Two-thirds of nonprofit executive directors say they plan to leave their jobs in the next five years according to a recent Compass Point and Meyers Foundation report, yet no attention is focused on replacement plans. A recent study that Pathfinders conducted, collecting information from nearly 2,000 nonprofit respondents, shows that only 4 percent have formal succession plans in place. Furthermore, though multiple studies have shown that good leadership is the leading predictor of organizational sustainability (TCC Group, 2009), fewer than one in five nonprofit workers have a university degree or certificate related to nonprofit management, and two-thirds have never taken a single academic course related to the field (Pathfinder Solutions, 2011). Meanwhile, more than 65 percent of nonprofit executive directors say they are underpaid, and prevailing job descriptions are unappealing to the next generation (Young Nonprofit Professionals Network, 2007). Frustration is high over lack of mentorship and career paths: for-profits hire two-thirds of their senior management from within, while only a third of nonprofit leaders are internal hires (Bridgespan Group, 2006). And, the prime U.S. workforce, aged 34 to 54, expanded by 35 million between 1980 and 2000; from 2000-2020, this pool will grow by just three million. Essentially, the talent pool for nonprofits is evaporating and there isn't a “rainmaker” in sight.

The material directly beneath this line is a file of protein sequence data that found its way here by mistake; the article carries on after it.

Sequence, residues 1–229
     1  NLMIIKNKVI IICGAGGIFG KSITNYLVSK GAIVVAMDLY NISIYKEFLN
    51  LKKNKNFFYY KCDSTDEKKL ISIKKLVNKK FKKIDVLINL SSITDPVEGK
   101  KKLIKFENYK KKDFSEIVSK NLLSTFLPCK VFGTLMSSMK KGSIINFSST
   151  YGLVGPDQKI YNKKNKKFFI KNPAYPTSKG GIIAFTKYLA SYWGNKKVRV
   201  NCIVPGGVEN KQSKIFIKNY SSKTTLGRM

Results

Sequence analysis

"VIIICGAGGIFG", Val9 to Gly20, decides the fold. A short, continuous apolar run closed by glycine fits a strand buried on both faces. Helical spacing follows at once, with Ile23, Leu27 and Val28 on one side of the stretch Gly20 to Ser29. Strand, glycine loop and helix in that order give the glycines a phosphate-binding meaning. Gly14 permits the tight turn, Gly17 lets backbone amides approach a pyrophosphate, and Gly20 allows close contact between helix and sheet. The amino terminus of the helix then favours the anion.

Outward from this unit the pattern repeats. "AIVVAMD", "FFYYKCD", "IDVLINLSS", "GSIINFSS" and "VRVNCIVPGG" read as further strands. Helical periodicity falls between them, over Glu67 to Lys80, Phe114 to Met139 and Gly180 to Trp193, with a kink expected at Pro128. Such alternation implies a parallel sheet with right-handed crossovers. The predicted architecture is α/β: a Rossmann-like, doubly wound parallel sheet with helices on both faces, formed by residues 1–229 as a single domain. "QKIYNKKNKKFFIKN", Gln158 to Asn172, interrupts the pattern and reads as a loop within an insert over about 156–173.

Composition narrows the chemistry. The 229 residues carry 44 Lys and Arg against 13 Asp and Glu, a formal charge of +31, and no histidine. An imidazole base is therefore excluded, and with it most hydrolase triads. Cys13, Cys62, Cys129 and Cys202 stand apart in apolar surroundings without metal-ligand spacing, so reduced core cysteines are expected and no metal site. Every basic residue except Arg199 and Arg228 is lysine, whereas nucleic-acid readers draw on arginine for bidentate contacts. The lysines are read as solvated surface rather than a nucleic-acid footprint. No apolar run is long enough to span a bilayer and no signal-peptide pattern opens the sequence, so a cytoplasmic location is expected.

Pryor and Mitchell have been shouting this information from the mountaintops—literally when in Denver, a mile high above sea level—and yet their day-to-day experiences provide training in conference presentations and lecture hall meetings that evince a decided lack of awareness in the general populace. Volunteerism and working in social programs is considered sexy but hardly lucrative, and literally static in terms of career advancement. “According to our surveys, 100 percent of young people could identify Captain Morgan and Paris Hilton, but one quarter could not name a single nonprofit!” exclaims Dr. Pryor. “We’ve surveyed thousands of people, both young and old, and consistently find that while their desire to get involved is high, their knowledge and inspiration is low,” says Mitchell. “Jeff and I are co-teaching a couple of university classes at the University of Colorado-Boulder, for instance, and our freshmen students are a blank slate regarding civil society and understanding the breadth and depth of the nonprofit world.” These types of experiences have only enhanced the Pathfinder zeal for changing this paradigm, however.